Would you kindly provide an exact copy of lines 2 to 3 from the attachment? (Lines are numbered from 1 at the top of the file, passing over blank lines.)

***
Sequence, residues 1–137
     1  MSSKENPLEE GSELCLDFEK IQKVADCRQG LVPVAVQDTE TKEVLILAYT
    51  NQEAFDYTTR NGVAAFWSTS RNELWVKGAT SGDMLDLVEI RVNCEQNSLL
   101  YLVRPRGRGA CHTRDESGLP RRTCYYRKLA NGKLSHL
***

     1  MSSKENPLEE GSELCLDFEK IQKVADCRQG LVPVAVQDTE TKEVLILAYT
    51  NQEAFDYTTR NGVAAFWSTS RNELWVKGAT SGDMLDLVEI RVNCEQNSLL